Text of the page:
pirations, of an- allied .'people for, free
dom." He.said ¦ that r.the shipping J inter-"
ests and. the transcontinental railroads
have ; agents- In Washington : using their
strongest efforts \ to defeat , the pending
bill. ' ! . • • .
onstrated- by. the .Republican-organlza
tion's attitude toward - the Philippines. ¦
There is good reason t^ believe that the
Boers are vigorously demanding a repre
sentative government and that this de
aiand Is opposed with equal vigor by the
British representatives. It is understood
that the Boers strongly oppose the long
Selay proposed by Great Britain before a
representative government be granted the
Tormer republics, and that they also in
list on the number of Boer seats in the
touncil being specified.
It Is expected that the Cabinet - will "rc-
The Government has ordered the cable
md telegraph lines between London and
Pretoria to be kept clear to insure the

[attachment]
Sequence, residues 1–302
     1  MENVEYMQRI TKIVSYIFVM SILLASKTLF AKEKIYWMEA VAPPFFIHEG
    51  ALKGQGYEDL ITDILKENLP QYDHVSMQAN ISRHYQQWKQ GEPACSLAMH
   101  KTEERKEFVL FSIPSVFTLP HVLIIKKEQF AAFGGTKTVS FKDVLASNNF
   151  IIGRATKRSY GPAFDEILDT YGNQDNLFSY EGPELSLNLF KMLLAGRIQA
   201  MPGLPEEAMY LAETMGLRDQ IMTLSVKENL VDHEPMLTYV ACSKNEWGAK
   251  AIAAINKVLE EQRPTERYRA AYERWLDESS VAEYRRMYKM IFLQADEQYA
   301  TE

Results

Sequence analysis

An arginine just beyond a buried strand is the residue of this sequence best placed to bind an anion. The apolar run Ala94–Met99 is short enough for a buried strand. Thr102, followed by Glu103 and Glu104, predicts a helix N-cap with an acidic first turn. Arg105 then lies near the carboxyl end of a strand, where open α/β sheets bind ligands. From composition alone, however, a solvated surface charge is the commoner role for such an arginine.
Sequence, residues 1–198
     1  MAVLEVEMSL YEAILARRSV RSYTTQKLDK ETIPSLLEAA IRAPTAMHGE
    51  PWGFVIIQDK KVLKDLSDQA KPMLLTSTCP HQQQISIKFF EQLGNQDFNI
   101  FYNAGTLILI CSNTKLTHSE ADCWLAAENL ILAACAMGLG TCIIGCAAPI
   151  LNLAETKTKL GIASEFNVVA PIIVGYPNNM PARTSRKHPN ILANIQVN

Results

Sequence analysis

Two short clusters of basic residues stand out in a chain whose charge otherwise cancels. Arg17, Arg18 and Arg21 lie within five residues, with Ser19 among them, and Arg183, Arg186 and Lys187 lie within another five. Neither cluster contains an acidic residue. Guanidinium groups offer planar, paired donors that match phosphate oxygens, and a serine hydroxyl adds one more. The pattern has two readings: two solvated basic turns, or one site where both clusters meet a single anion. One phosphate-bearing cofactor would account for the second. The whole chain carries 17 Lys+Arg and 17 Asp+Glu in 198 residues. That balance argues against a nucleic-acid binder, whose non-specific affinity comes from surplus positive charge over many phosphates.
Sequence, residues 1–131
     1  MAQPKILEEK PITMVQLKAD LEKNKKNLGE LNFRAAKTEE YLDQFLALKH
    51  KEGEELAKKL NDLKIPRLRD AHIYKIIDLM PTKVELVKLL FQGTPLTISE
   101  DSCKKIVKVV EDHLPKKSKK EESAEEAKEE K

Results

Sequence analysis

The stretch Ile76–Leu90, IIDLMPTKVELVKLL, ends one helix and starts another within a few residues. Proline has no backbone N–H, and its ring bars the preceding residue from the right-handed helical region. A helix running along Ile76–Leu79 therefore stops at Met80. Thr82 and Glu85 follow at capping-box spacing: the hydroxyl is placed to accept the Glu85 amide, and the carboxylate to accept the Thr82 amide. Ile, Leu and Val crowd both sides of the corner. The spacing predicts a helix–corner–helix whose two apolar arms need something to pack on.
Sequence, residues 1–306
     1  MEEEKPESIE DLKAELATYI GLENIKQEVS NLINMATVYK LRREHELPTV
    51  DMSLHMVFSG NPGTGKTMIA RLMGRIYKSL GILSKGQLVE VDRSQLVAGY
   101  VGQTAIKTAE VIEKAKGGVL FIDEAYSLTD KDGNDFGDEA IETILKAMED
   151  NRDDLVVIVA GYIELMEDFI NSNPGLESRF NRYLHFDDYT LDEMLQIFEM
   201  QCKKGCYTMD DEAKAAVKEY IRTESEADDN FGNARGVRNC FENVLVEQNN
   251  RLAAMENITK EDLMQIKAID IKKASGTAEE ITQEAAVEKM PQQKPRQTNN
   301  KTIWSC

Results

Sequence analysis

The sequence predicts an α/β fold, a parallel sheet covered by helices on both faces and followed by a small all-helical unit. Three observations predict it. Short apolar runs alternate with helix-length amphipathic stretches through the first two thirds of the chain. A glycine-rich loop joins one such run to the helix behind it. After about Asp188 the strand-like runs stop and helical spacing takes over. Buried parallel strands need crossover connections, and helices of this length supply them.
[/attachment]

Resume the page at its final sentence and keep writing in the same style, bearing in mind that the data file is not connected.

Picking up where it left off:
prompt transmission of Lord Kitchener's
The broad lines of Great Britain's
terms are now known to the Government
representatives at Pretoria, and on these
reports the Cabinet is apparently shift
ing the responsibility of taking advan-
Lage of all opportunities, provided no
cardinal principles be sacrificed.
"Sparring for time" best describes th.»
present status of the negotiations,
neither side being willing to risk a de
rision which would break off the pres
ent conference. An agreement may be
reached at any moment, but this would
more likely be the/result of semi-lnde
(xin&ezit action by Lord Milner and Lord
Kitchener at Pretoria than of the rather
involved conditions of the Cabinet at
{{ejects the House Measure
and^Extends the Geary
Act to 1904
ST.' ; JOSEPH, -Mo., April 16.-W.iJ.-
Bryan'and'a party. of pro-Boer.sympathiz
ers ."will f to-nibrrpw ; inspect - the ;.- alleged